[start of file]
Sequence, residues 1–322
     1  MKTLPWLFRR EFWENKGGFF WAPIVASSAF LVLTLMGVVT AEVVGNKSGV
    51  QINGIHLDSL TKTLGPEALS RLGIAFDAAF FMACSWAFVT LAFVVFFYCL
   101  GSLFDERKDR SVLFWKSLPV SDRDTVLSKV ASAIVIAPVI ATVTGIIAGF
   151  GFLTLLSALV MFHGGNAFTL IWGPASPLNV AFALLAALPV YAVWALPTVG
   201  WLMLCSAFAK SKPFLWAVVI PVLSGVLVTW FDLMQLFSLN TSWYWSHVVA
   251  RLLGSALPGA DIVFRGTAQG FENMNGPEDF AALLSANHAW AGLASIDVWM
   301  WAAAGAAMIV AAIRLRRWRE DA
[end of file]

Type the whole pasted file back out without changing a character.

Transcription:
Sequence, residues 1–322
     1  MKTLPWLFRR EFWENKGGFF WAPIVASSAF LVLTLMGVVT AEVVGNKSGV
    51  QINGIHLDSL TKTLGPEALS RLGIAFDAAF FMACSWAFVT LAFVVFFYCL
   101  GSLFDERKDR SVLFWKSLPV SDRDTVLSKV ASAIVIAPVI ATVTGIIAGF
   151  GFLTLLSALV MFHGGNAFTL IWGPASPLNV AFALLAALPV YAVWALPTVG
   201  WLMLCSAFAK SKPFLWAVVI PVLSGVLVTW FDLMQLFSLN TSWYWSHVVA
   251  RLLGSALPGA DIVFRGTAQG FENMNGPEDF AALLSANHAW AGLASIDVWM
   301  WAAAGAAMIV AAIRLRRWRE DA